Globalization has not only been leading to greater trade among countries but also higher levels of international tourism. As a result, tourism companies have become creative to take advantage of rising income levels as well as meet consumers’ demands of one-of-a-kind experiences. Ecotourism and hunting safaris are two of the products that have been getting a great deal of attention. Both ecotourism and hunting safaris involve visiting animals’ natural habitats but as the name implies, hunting animals is only allowed under hunting safaris. While the average revenue per person is much higher in hunting safaris, they should be banned and completely replaced by ecotourism because social and economic costs of hunting safaris far outweigh the benefits.

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A research analysis of both photographic and hunting safaris in Okavango Delta in Botswana found that photographic safari resulted in employment of 76 people year-round while hunting safari provided employment to 12 people for 6 months and only 2 people year-round. Similarly, Air Botswana earned $631,000 from photographic safaris while the corresponding figure for hunting safaris was only $7,200. Photographic safaris customers also accounted for booking of 6,840 bed nights per season while the figure for customers of hunting safaris was only 420 bed nights per season. The total revenues generated by photographic and hunting safaris were $1.55 million and $448,000, respectively (League Against Cruel Sports). This study tells us several things about the economic advantages of ecotourism over hunting safaris. Hunting safaris may result in higher per capita revenue but it is not possible to accommodate as many tourists in hunting safaris as it is in ecotourism. This is why ecotourism’s overall economic impact is quite higher as compared to hunting safaris. In addition, ecotourism also provides employment to greater number of people and for longer periods of time because it can be conducted year-round while hunting safaris are seasonal, thus, have less impact on local employment levels.

The supporters of hunting safaris often argue that they keep the populations of certain animals from growing too big and, thus, disturbing the balance of nature but they forget that the nature has its own way of doing things and was doing fine even when hunting safaris had not been invented. In fact, hunting safaris sometimes contribute towards endangering certain species and have even become the cover for activities that would be illegal otherwise such as hunting animals such as elephants, rhinoceros, and lions for their bones, tusks, and horns etc. Hunting safaris also harm the nature because hunters usually aim for the strongest ones for bragging rights and it is a common knowledge that healthiest males usually offer the best chances of healthy off-springs and, thus, the long-term future of the underlying species. Moreover, high corruption in African countries means a significant proportion of hunting revenues go to influential politicians (League Against Cruel Sports) and it may not be surprising if they allow hunting of endangered species for personal gains.

Ecotourism results in sustainable industry because animals are not killed, thus, they continue to be source of revenues year after year. But hunting safaris lead to death of animals and dead animals do not contribute anything to the economy. Unlike hunting safaris, ecotourism leads to appreciation of animals in their natural habitat and promotes concern for the environment. Thus, it also leads to positive attitudes in the tourists. Hunting safaris only promote damage to the environment and when corruption is high and laws are weak, it is not difficult to obtain license to hunt endangered species under the disguise of helping nature achieve a balance.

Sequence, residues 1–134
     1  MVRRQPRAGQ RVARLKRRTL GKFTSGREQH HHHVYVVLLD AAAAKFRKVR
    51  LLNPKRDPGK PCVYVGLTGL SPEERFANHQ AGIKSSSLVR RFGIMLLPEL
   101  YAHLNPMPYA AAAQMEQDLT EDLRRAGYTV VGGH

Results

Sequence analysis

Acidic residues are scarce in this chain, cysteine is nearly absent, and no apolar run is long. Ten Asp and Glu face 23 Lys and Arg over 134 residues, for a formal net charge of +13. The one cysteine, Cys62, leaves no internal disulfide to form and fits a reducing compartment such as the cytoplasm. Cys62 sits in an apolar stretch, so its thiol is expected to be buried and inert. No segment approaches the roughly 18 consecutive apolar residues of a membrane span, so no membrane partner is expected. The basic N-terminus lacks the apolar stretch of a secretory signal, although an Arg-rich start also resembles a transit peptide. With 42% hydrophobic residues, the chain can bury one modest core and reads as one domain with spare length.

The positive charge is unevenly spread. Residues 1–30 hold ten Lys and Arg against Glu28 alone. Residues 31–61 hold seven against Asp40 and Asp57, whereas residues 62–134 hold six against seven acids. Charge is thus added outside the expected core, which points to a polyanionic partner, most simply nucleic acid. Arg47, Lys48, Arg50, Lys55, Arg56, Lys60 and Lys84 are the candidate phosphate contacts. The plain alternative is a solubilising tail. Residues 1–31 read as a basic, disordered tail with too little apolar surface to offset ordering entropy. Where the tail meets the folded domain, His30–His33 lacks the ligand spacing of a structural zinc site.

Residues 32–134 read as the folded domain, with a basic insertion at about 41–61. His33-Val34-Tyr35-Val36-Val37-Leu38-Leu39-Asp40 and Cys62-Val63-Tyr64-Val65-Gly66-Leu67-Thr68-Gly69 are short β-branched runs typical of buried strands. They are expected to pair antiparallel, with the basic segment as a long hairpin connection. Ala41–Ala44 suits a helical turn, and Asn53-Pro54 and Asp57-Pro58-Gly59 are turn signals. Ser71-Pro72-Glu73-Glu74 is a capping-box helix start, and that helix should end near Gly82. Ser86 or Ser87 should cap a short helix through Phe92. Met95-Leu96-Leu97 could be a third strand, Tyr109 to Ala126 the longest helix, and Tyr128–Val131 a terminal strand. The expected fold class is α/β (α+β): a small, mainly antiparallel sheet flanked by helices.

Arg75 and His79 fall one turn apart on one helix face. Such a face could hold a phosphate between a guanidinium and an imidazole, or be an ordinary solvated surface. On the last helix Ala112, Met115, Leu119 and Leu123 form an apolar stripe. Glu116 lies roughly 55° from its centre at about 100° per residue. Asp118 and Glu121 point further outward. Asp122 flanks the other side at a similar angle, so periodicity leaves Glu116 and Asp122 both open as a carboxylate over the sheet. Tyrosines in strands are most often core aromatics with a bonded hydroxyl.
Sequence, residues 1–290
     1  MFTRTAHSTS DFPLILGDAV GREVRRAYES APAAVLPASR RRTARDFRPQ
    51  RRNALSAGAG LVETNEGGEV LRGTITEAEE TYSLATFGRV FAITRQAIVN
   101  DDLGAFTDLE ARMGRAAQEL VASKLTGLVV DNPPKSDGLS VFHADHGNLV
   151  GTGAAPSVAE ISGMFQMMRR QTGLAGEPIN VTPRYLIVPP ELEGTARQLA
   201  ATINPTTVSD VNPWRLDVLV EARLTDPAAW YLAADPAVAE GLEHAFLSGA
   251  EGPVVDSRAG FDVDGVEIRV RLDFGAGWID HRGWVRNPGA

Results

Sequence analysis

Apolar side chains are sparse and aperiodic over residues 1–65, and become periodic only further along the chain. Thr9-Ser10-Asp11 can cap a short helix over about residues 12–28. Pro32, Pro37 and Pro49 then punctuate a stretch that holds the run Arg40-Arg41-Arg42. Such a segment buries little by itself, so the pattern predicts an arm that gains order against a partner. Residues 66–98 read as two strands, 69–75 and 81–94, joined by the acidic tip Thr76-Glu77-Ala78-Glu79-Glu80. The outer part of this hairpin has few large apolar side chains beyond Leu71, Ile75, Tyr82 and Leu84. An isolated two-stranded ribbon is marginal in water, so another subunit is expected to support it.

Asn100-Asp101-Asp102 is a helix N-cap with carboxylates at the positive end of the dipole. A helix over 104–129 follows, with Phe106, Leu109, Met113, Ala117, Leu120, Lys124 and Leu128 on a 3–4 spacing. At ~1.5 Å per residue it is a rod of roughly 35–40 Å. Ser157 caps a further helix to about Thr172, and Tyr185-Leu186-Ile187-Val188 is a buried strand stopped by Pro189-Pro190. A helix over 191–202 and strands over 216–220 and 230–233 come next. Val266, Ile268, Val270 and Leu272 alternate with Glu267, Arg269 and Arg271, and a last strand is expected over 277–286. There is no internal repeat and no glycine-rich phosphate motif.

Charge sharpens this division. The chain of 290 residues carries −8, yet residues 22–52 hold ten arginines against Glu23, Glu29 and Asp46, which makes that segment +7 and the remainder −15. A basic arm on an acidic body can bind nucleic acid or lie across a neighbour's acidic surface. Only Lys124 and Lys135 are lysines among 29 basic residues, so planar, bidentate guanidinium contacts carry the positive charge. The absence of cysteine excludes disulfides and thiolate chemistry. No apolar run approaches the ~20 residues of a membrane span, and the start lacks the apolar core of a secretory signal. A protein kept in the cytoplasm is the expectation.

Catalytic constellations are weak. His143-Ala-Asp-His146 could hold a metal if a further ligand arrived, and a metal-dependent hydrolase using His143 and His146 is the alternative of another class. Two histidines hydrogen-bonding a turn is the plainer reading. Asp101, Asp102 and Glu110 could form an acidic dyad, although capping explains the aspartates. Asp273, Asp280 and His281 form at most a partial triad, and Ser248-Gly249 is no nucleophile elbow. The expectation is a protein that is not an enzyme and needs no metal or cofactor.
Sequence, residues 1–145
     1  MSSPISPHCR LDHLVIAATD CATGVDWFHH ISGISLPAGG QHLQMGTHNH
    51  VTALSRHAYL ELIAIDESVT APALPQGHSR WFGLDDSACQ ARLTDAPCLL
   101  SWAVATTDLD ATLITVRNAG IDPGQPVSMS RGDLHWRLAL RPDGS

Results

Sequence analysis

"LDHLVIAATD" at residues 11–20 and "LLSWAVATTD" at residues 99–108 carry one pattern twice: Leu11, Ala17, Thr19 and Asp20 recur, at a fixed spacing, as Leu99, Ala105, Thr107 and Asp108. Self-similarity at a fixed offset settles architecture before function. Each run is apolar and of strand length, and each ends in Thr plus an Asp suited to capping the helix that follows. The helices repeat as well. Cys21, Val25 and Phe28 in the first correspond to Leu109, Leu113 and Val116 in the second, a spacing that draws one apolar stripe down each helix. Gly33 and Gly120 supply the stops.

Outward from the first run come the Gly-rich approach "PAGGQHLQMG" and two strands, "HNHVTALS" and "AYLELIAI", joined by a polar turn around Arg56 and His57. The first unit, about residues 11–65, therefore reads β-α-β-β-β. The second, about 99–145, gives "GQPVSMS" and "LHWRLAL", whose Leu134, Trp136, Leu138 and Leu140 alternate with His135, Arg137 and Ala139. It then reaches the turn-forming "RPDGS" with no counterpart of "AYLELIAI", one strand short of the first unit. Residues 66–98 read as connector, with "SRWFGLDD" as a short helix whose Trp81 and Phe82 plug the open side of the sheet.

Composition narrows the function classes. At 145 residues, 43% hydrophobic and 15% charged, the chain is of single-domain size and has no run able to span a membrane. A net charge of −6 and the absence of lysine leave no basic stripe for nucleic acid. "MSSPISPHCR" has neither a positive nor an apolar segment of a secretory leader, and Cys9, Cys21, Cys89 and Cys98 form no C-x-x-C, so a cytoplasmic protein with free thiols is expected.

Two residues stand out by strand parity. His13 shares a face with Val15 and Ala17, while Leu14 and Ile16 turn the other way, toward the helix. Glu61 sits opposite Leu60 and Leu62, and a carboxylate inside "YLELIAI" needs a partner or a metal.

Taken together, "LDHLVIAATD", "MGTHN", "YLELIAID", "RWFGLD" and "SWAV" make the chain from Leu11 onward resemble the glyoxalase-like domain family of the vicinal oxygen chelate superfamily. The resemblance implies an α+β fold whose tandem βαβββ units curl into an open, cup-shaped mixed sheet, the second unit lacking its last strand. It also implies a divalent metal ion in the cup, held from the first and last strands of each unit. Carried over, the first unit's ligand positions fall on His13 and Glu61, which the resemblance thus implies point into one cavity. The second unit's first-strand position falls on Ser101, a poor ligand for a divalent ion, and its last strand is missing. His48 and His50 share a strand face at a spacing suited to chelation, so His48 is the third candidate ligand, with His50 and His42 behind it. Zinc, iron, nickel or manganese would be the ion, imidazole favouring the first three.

The supporters of hunting safaris may argue that laws exist that ban hunting of endangered species but history shows that such bans are rarely effective. Even though hunting ban has been in existence in Kenya since 1977, the country has still seen a decline of 40 to 90 percent in most animal species (Deere). Another problem with ban is that the financial incentive in hunting endangered species for their horns, tusks, and bones is too high and demand from them sees no signs of slowing down from wealthy individuals in both developed and fast-growing developing countries. Thus, only ban on hunting of all kinds will help us better protect endangered species. Allowing hunting of animals such as elephants under safari programs also sends the message that hunting bans are mainly political in nature and claims of endangered species are usually exaggerated.

Hunting safaris should be banned and completed replaced by ecotourism because their economic benefits to African countries are far outweighed by the social and economic costs and ecotourism is a much better alternative. Unlike hunting safaris, ecotourism is not dependent upon seasons and it also provides year-round employment to greater number of people. In addition, it is possible to provide service to far greater number of people under ecotourism as compared to hunting safaris. Ecotourism is also more sustainable than hunting safaris because animals are not killed, thus, continue to be a source of income. Moreover, ecotourism leads to appreciation of animals and helps promote positive attitudes towards preservation of animals’ natural habitats.

  • Deere, Nicolas Jordan. “Exploitation or Conservation? Can The Hunting tourism Industry in Africa Be Sustainable?” Environment July-August 2011.
  • League Against Cruel Sports. “The Myth of Trophy hunting as Conservation.” Report to British Environment Minister, Elliot Morley MP. December 2004.